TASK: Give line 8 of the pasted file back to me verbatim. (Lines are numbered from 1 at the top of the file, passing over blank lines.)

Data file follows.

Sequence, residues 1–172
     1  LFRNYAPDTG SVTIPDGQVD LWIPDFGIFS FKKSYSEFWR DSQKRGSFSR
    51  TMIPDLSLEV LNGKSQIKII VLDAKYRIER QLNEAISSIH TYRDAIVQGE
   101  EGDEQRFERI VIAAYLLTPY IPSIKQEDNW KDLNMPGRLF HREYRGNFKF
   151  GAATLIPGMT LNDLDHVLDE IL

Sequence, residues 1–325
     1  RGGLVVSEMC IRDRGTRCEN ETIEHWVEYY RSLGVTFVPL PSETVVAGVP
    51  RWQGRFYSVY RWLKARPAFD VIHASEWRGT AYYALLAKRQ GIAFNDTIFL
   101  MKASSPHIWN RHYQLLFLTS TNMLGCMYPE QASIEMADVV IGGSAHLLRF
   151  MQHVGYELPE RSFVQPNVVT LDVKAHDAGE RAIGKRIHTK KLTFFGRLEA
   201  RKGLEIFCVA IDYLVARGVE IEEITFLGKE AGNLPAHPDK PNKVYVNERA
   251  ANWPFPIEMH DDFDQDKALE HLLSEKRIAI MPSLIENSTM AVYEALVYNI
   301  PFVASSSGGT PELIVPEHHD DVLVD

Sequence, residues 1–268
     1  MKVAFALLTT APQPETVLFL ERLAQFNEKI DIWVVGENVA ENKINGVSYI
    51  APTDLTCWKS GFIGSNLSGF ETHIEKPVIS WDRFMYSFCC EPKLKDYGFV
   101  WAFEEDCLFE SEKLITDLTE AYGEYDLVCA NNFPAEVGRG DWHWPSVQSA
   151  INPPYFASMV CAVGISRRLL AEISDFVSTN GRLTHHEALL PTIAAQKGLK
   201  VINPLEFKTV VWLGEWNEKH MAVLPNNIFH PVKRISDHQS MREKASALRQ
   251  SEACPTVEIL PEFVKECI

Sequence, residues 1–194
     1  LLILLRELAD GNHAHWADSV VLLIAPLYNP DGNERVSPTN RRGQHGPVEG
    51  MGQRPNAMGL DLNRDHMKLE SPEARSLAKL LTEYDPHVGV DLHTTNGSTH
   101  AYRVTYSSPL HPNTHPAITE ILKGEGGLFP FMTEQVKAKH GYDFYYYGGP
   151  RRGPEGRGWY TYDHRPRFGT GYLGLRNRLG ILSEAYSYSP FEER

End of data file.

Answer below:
    51  RWQGRFYSVY RWLKARPAFD VIHASEWRGT AYYALLAKRQ GIAFNDTIFL